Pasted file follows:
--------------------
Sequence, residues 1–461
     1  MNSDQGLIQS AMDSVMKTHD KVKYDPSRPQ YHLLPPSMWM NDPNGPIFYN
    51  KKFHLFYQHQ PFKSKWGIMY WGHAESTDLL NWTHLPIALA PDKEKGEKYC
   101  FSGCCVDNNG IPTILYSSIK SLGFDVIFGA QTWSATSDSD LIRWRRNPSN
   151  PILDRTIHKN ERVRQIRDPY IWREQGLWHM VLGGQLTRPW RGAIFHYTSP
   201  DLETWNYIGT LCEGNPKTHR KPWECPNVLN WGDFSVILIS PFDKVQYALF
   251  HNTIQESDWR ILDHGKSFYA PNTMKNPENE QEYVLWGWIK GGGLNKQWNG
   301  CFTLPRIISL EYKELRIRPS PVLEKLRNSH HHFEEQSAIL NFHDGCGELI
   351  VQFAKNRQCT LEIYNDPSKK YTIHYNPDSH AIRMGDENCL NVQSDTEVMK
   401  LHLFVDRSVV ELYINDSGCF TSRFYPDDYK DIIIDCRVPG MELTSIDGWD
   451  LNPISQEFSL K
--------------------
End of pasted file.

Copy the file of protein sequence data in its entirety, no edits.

Sequence, residues 1–461
     1  MNSDQGLIQS AMDSVMKTHD KVKYDPSRPQ YHLLPPSMWM NDPNGPIFYN
    51  KKFHLFYQHQ PFKSKWGIMY WGHAESTDLL NWTHLPIALA PDKEKGEKYC
   101  FSGCCVDNNG IPTILYSSIK SLGFDVIFGA QTWSATSDSD LIRWRRNPSN
   151  PILDRTIHKN ERVRQIRDPY IWREQGLWHM VLGGQLTRPW RGAIFHYTSP
   201  DLETWNYIGT LCEGNPKTHR KPWECPNVLN WGDFSVILIS PFDKVQYALF
   251  HNTIQESDWR ILDHGKSFYA PNTMKNPENE QEYVLWGWIK GGGLNKQWNG
   301  CFTLPRIISL EYKELRIRPS PVLEKLRNSH HHFEEQSAIL NFHDGCGELI
   351  VQFAKNRQCT LEIYNDPSKK YTIHYNPDSH AIRMGDENCL NVQSDTEVMK
   401  LHLFVDRSVV ELYINDSGCF TSRFYPDDYK DIIIDCRVPG MELTSIDGWD
   451  LNPISQEFSL K